One of the homes we lived in when I was a kid had an awesome tree house in the yard. I played there with my brothers and sisters and friends for hours and hours every day. I have some seriously fond memories of that tree house and I’ve always dreamed of giving my girls a similar place to create memories. One of the reasons we moved to Brooklyn was because the girls could finally have some easily-accessible outdoor space (it’s tough to get to the park every day!). And now that we’re here, I want to enjoy this yard as much as possible. For us, it was so worth the investment to buy and built our new play house.
Remember what it looked like before? Cute, but meh. I thought it had potential though…
We bought the playhouse
on sale for $450 plus shipping. I know – not so cheap. I did so much looking around on this one though – I looked at all sorts of playhouses, even sheds suitable for using as a playhouse. And I priced out the materials for just building our own. For us, it was going to cost almost $500 in materials and transportation costs and I’m sure the end result would have been questionable! I don’t really trust my carpentry skills.
The house comes (very) disassembled and in a giant, heavy box. If putting together IKEA products makes your head spin, you might want to hire this out to a handyman! Luckily, Michael came to my rescue and put the house together on the lower deck with my very helpful brother in law, Matt. I forgot to paint the shingles and door before Michael and Matt put the house together, which was a bit of a pain, but not that big of a deal to paint with a roller after the fact. (I used Rustoleum’s black enamel in flat finish for the roof and shutters.)
The girls helped me paint the door (it’s not a perfect paint job, but I wouldn’t have it any other way). We used the mint paint from this post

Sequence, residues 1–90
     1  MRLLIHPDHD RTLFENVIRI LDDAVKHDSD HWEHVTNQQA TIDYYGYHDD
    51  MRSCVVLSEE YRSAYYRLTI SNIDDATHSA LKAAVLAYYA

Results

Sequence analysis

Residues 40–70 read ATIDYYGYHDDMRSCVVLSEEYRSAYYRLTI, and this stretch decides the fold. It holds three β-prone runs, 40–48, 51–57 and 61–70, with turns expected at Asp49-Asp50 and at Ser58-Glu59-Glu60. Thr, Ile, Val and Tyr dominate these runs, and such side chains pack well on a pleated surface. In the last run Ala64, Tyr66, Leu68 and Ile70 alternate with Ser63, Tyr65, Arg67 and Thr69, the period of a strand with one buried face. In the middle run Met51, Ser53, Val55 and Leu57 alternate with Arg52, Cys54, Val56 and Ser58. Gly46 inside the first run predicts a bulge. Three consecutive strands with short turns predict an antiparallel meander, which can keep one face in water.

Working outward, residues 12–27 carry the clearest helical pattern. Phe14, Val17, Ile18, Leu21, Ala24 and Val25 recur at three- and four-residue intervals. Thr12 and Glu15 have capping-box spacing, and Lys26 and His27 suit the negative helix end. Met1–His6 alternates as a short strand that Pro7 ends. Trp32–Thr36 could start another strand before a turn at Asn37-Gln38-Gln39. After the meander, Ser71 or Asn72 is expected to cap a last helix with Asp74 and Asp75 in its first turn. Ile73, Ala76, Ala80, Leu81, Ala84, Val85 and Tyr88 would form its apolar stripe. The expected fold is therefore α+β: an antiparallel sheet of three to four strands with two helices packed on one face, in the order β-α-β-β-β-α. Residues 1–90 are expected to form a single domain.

. Isn’t that dutch door the cutest?
One sort of tricky thing about this playhouse is it doesn’t come with a floor, so we bought some plywood to finish off the bottom. To prevent sinking or water damage, I dug the ground out a little and laid out nine cinder blocks and sort of half-buried them. It was really important to get all the cinder blocks level.
Then I filled in the gaps with mulch which is supposed to help with bugs, weeds, and moisture issues.
I put down the plywood, cut to fit the bottom of the playhouse, and painted it with a gray primer. I’m planning to do something else on the floor later, but I wanted to get the primer down before putting the house up.
Once the paint had fully dried, we hefted the (VERY HEAVY) finished house on top of the platform. There is a lip on the inside of the house, so we just ran some screws down into the plywood base and everything feels super secure.
Some fun things I like about this playhouse: the funny little weathervane, the working shutters, the doorbell, the flower boxes under the windows, and the fact that I can just *barely* stand up inside the house. I feel like it’s the perfect size.
We moved our trusty play kitchen
inside and it fits perfectly. I was happy to free up the floor space in the girls bedroom, too, so win-win.
I got sick before I had much of a chance to really do anything with the inside of the playhouse, so it’s pretty bare bones for now. I always want it to be on the unfussy side though, so the kids can really play without worrying.
So while not being my least expensive project that I’ve shared on LGN, I feel like we’re going to get a lot of really great use here. Zero buyer’s regret.
Some of you asked if my yard’s all done now. Not even close! But it might just be good for this year. I feel like I can pick things up again next spring (though the upper deck will hopefully get done this fall). We’ve come a long way